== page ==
Make a Solar Water Heater
conserving energy experiments

The box you make for this experiment will be like the solar collectors people have on their rooftops.


You can make your own hot water using only the power of the sun. You'll start with a flat box that's about 3 feet (90 centimeters) square and 2 or 3 inches (5 or 7.5 centimeters) deep. Paint the inside black or line it with black paper.

Next, take 20 feet (6 meters) or more of flexible black tubing. Make two holes in the sides of the box, one near a corner and the other near the opposite corner. Insert the end of the tube through one hole. Shape the tubing into flat loops that don't overlap but run up and down the bottom of the box. Keep looping until you've used up most of the length. Pass the end out through the other hole.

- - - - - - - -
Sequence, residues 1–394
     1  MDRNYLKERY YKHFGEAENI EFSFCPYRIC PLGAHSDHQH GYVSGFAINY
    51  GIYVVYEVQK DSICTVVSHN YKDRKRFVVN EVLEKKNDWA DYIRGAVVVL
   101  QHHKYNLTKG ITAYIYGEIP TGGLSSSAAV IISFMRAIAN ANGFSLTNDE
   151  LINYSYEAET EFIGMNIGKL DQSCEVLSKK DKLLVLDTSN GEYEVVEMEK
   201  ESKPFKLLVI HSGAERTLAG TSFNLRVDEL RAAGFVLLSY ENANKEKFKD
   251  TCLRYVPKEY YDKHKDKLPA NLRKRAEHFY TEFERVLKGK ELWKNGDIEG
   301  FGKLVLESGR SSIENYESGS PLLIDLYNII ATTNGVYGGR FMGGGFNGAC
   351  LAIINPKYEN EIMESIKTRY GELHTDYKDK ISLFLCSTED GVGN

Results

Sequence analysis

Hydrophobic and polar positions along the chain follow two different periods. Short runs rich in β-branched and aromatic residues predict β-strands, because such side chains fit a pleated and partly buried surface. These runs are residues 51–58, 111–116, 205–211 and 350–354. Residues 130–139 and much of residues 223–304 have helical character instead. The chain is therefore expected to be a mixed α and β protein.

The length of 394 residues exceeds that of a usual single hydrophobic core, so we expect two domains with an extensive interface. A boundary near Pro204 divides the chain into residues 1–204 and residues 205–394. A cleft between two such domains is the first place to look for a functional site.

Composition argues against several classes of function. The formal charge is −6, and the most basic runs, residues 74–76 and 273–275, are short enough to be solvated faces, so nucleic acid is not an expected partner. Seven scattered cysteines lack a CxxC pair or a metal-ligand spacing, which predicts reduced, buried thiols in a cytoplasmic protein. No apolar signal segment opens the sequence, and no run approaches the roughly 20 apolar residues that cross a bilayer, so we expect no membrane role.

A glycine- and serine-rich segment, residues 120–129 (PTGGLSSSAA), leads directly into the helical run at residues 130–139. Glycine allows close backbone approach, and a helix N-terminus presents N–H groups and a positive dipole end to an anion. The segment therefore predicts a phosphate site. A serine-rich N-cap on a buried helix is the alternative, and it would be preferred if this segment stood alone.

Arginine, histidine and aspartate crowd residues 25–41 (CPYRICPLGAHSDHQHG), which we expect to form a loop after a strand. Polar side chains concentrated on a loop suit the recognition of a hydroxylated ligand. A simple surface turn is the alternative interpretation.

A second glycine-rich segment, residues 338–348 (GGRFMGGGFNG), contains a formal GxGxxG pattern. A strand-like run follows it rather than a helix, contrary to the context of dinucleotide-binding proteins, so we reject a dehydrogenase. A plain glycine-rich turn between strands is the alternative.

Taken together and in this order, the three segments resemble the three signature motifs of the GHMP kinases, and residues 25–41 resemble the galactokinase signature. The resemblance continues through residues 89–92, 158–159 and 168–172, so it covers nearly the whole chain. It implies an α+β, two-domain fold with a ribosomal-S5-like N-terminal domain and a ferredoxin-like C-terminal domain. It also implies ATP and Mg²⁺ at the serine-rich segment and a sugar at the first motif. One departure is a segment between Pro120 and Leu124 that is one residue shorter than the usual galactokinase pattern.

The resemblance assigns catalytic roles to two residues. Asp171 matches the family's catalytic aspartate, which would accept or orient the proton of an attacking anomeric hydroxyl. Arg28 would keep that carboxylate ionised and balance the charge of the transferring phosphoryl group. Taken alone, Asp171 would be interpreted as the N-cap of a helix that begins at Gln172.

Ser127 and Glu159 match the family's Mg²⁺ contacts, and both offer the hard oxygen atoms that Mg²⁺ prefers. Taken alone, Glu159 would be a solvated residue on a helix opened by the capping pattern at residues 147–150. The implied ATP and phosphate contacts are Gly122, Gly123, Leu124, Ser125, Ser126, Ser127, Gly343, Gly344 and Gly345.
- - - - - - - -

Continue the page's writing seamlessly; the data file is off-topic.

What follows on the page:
Place a glass cover on the box. Tape the edges to hold it down. You now have a solar collector like the ones you might sometimes see on rooftops. Put the box in the sun. Immerse one end of the tubing in a bucket of water. Suck on the other end to fill the tube and start a siphon action. Keep the end you sucked on lower than the other and let the water trickle into another container. Use a clothespin to crimp the tube and limit the flow to a trickle.

Place a thermometer in each container of water to track the temperature change. Does the angle of the box toward the sun make a difference? What if you use a longer piece of tubing and make more loops? The warmer the water coming out, the more heat it's absorbing from the sun. If you were using water heated this way in your home, you would take the load off your electric, gas or oil water heater, saving energy. [source: Benrey]